I have said throughout my tenure as your 36th Surgeon General that medical research and development is crucial to future capability of our armed forces because, more often than not, our medical innovations derive from an idea or experiment in one of our laboratories. Researchers and scientists epitomize the spirit of interdisciplinary scholarship, innovation, and entrepreneurship that lead to translational advancements in critical areas.
Our global research and development arm is dedicated to enhancing the health, safety, readiness and performance of Navy and Marine Corps personnel deployed around the world through cutting edge medical research in a wide range of disciplines.
Today we are fortunate to have eight extremely capable Naval Medical Research Centers, Labs, or Units spanning four continents that conduct basic and applied research in infectious diseases, biological defense, combat casualty care, military operational and expeditionary medicine, bone marrow transplantation, aviation medicine and medical standards, and diving and environmental medicine. I am also very proud of the bilateral agreement and Memorandum of Understanding for military medical partnerships we recently signed with the Vietnamese Ministry of Defense which will increase our medical knowledge and capability in the Pacific for the health benefit of both our nations and the entire Pacific Rim.
Here is a quick snapshot of our global medical R&D capability with a summary of their areas of focus.
■Naval Medical Research Center – Silver Spring, Md. serves as our headquarters, focusing on solutions to operational medical problems such as battlefield neurotrauma and wounds, decompression sickness, naturally occurring infectious diseases, biological threat agents and bone marrow injury research.■Naval Health Research Center – San Diego, Calif. works closely with operational units by conducting medical modeling & simulating analysis; monitoring the effects of combat exposure on psychological health; managing career-span deployment health & readiness programs, improving warfighter performance, and assisting in the implementation of military-specific HIV-prevention.
■Naval Submarine Medical Research Laboratory – Groton, Conn. conducts research into undersea human systems integration, submarine survival & rescue, diver bio-effects, hearing conservation, and situational awareness. They work in concert with the Naval Undersea Warfare Center, Naval Medical Center San Diego, NASA, NAVSEA, Naval Expeditionary Diving Unit, and the U.S. Army Research Institute of Environmental Medicine and others.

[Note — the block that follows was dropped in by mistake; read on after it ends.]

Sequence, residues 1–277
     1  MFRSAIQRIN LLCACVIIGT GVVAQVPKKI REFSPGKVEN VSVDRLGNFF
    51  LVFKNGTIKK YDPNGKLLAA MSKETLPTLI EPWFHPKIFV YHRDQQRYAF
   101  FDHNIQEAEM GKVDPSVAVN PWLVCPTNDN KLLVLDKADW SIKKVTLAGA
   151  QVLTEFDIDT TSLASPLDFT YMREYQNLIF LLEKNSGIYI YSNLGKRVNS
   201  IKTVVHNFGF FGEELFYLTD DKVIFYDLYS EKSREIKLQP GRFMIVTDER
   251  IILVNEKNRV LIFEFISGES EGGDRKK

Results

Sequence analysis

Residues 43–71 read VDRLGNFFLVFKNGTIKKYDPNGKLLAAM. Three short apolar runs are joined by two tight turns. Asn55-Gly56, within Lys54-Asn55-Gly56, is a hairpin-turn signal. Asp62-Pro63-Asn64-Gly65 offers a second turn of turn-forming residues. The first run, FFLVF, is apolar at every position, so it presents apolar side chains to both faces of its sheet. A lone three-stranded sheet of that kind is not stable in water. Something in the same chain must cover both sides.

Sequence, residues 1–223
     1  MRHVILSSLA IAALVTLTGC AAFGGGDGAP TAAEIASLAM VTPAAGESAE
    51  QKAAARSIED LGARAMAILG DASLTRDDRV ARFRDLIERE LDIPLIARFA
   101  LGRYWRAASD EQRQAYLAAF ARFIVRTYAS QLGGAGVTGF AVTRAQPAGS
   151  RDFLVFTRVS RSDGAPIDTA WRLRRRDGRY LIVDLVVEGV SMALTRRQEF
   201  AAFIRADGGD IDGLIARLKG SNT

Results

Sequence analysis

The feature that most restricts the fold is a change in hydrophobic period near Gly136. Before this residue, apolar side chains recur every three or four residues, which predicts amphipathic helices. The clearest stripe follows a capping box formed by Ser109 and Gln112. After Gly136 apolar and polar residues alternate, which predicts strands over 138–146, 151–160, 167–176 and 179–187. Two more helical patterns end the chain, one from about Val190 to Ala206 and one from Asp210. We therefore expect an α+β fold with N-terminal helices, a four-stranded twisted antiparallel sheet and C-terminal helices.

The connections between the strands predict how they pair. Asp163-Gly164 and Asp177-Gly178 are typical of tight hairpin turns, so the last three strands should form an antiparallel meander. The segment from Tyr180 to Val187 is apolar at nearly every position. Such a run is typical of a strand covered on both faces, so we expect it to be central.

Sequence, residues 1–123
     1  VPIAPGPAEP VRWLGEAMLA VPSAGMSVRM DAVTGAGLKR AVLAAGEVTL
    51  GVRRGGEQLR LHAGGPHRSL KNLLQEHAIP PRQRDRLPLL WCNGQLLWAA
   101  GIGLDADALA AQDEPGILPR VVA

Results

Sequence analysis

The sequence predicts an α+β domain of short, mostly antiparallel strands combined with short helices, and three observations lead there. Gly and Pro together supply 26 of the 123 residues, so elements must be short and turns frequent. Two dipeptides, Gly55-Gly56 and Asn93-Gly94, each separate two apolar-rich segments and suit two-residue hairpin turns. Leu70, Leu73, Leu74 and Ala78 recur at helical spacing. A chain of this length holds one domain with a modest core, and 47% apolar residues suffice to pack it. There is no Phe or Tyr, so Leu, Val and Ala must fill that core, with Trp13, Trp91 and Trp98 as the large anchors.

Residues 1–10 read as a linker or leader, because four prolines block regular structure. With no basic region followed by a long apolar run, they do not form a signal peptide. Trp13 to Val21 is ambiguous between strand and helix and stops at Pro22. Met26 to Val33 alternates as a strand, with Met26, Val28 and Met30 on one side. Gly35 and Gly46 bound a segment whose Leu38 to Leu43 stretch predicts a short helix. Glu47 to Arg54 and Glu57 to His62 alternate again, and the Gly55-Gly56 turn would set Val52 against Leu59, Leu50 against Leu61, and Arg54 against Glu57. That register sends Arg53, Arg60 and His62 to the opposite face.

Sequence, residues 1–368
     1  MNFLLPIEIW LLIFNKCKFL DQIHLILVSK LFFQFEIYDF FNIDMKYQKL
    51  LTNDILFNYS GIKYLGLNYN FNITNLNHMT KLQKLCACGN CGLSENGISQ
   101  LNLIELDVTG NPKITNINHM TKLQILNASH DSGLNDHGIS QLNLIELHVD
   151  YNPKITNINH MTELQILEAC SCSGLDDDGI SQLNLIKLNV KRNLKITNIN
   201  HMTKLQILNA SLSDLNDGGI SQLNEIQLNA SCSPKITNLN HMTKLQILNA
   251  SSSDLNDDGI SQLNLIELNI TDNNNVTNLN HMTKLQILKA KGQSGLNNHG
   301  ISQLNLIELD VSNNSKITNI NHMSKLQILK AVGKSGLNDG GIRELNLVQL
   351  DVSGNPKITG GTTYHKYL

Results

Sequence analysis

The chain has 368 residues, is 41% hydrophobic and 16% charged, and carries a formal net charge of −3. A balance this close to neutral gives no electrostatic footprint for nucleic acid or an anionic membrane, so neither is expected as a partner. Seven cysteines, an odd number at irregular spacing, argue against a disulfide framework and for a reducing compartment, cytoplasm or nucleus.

■Naval Medical Research Unit – San Antonio, Texas conducts medical, dental, and directed energy biomedical research to enhance the health, safety, performance, and operational readiness of Navy & Marine Corps personnel as well as addressing emergent medical and dental problems in routine and combat operations.
■Naval Medical Research Unit – Dayton, Ohio conducts research in acceleration effects, aviation medical standards and personnel selection, physiological and cognitive effects of altitude, vision research, pulmonary health effects, neuro-toxicology/ neuro-behavior, reproductive health and systems biology.
■U.S. Naval Medical Research Unit 2 Pacific – Pearl Harbor, Hawaii conducts infectious disease research and surveillance in South Asia and Southeast Asia. Current studies include respiratory disease surveillance, malaria drug resistance, novel vector control measures and dengue cohort monitoring.
■U.S. Naval Medical Research Unit 3 – Cairo, Egypt conducts infectious disease research and surveillance in the Middle East, Southwest Asia, Africa, & Eastern Europe. Current studies focus on influenza-like illness, acute febrile illness, diarrheal diseases, hemorrhagic fever, HIV, meningitis and infection control.
■U.S. Naval Medical Research Unit 6 – Lima, Peru conducts infectious disease research and surveillance in South America including prevention strategies, clinical trials, chemotherapeutics, diagnostics, epidemiology, and ecology. Researchers partner with the Peruvian Army and Navy, prestigious universities like Cayetano-Heredia and San Marcos, the Ministry of Health, USAID, CDC, NIH and several American universities.
As part of research studies and directly through funding by such distinguished partners as the CDC, USAID, Department of State and many others, our laboratories provide medical diplomacy through improving civilian public health, infection control, and laboratory capacity building and I couldn’t be prouder of their efforts.
While working to enhance US and global public health is certainly an important mission for our research laboratories, their primary mission is maintaining a high state of readiness for our warfighters. Readiness ensures we provide care for our people no matter where they are and no matter the situation they’re in.
Our work continues.
Vice Adm. Adam M. Robinson Jr is the 36th Surgeon General of the U.S. Navy and the Chief of the Navy Bureau of Medicine and Surgery.